Twitter

The credibility of Twitter

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The stories on the latest Twitter hack -- which caused the stock market to plunge and wiped out $136 billion in investor value in an instant -- have focused on the vulnerability of the social network to malware and intruders. Twitter's apparently hiring some new people to improve its security. That's all just fine, but it's the wrong point.Read more »

On KPFA, Gavin Newsom ducks the tough ones

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Gavin Newsom sat down for an hour with Brian Edwards-Tiekert of KPFA's Up Front, and the show is remarkable. Brian was a little less harsh than Steven Colbert, who (properly) said the Gavster's new book, Citizenville, needs "a bullshit detector" and that "everything in there could be carved on a stone and put in someone's garden," but he did a great job putting Newsom's book in the context of state and lo Read more »

Twitter took my bots!

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Party's over, people. Read more »

How to buy followers and influence people

For $26, I gained 2,500 followers -- and you can, too! Adventures in being fake popular on Twitter

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caitlin@sfbg.com

CAREERS AND ED I bought my friends. For 2,500 of them, I paid $26 — and you can do it too.

It bore reflection one day last month: Why does New York journalist-party disaster Cat Marnell have 20,000 more Twitter followers than me? Her quote about quitting her xoJane editorship to do angel dust was gold, but still.Read more »

Twitter, tax breaks and the New York Times

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Just about everyone who watches news media is calling it the Story of the Week, and it's probably going to be one of the top stories of the year, my (informal) nominee for a Pulitzer: Louise Story at the New York Times exposes how corporate America shakes down state and local governments -- who often get little in return. Read more »

SF approves Twitter-sized apartments for tech workers

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San Francisco is giving Twitter tax rebates to help grow a business that reduces our communications to 140 characters or less, and now the city's Board of Supervisors has approved the creation of extra-small apartments for the Twitter drones who toil long hours in the company's new mid-Market headquarters, along with their brethren at other tech companies, the target audience for these tiny living spaces.Read more »

The fallout from Twitter continues

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San Francisco has never been able to do big-scale economic redevelopment without displacement of existing residents and businesses, and the "revitalization" of mid-Market is turning out to be another case in point. Rents are going up all over the neighborhood (as well as other parts of Market Street) as the second tech boom roars into San Francisco. And now it's having an impact on a community-based theater-development plan -- and potentially on even the more established theaters in the area.Read more »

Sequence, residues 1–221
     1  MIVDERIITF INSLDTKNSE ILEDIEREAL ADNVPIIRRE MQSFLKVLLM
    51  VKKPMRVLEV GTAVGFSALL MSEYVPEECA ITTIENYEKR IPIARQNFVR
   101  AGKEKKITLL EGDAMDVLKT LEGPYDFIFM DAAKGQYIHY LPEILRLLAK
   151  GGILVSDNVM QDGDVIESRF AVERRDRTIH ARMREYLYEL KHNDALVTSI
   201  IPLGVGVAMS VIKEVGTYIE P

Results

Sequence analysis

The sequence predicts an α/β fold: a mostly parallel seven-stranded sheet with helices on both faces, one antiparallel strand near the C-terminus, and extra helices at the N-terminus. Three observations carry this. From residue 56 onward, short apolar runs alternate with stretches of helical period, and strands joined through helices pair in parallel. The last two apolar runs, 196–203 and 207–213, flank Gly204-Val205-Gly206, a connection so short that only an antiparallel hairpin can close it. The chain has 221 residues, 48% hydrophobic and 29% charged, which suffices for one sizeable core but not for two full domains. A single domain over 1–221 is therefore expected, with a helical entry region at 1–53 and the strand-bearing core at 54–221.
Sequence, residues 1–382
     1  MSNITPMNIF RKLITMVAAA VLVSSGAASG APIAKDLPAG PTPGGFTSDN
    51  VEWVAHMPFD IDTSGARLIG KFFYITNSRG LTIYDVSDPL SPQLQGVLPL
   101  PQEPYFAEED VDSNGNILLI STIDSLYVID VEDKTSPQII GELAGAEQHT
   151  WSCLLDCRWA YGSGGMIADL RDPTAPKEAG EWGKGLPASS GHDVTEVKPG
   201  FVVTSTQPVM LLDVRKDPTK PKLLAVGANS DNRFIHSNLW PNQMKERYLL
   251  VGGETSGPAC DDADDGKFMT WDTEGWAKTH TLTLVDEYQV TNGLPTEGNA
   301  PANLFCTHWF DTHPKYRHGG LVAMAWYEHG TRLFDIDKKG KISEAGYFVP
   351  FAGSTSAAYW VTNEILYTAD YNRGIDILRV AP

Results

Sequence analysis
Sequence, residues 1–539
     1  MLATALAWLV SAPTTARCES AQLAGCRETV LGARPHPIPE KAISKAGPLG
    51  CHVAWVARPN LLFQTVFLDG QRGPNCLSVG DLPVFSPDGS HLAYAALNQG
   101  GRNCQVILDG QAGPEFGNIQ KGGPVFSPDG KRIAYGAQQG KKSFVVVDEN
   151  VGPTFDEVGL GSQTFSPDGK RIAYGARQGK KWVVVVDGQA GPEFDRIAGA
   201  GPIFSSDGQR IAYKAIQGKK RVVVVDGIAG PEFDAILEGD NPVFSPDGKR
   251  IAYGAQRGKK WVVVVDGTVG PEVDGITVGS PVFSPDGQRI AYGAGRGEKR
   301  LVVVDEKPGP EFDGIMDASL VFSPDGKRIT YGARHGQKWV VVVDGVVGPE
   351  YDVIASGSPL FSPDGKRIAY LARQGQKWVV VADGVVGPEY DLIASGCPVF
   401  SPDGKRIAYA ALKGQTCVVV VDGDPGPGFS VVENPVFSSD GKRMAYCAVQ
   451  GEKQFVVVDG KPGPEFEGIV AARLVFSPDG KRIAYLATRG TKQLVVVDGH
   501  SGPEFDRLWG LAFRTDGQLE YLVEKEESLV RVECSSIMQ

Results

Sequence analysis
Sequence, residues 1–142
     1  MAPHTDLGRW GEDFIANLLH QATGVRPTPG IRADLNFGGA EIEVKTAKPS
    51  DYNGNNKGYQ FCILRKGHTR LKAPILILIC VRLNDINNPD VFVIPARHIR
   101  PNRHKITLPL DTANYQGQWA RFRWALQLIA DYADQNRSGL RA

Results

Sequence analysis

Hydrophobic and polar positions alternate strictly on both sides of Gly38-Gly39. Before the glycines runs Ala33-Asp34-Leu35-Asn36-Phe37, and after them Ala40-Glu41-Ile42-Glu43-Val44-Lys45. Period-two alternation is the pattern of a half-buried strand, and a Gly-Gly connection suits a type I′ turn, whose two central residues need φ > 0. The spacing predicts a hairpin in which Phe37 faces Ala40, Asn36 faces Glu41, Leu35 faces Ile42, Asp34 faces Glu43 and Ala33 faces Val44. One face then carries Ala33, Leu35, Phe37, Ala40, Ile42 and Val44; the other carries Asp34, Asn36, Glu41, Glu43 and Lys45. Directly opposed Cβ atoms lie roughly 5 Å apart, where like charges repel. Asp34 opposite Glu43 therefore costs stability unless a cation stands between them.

Mid-Market boom great for speculators

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The boom in mid-Market office space continues, with Dolby now joining Twitter as a big tech outfit moving into the corridor. There's a lot of debate about whether this is entirely an amazing thing for the world, or for San Francisco, or even for mid-Market (esp. Read more »

The right business tax

Is it even worth launching a ballot measure campaign for $13 million?

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EDITORIAL In some ways, the battle over San Francisco's business tax represents a shift in the local power structure: For most of the past 30 years, the finance, insurance and real-estate industries — the traditional downtown corporate leaders — called the shots at City Hall. Any honest list of the most powerful people in town started with bankers and real-estate developers, and most of the time, they got their way.Read more »

Editorial: The business tax debacle

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Labor and much of the progressive community worked with downtown and the Mayor's Office last year to craft a pension-reform bill that took away benefits from city employees. The unions came to the table, recognized the city's financial problems and bought into a compromise, even though it took money out of their pockets.

And now big business, with the support of Mayor Ed Lee, wants to reform the local business tax in a way that doesn't bring the city a dime of new revenue (and hurts small business in the process).

In other words, it's fine to seek compromise when it's about cutting workers pay and city costs. When it's about asking big business (and a lot of big businesses, particularly tech businesses, in this town are doing exceptionally well right now) to chip in just a little more, to do the right thing, address the revenue side of the ledger and pay a fair share, the answer is No. Read more »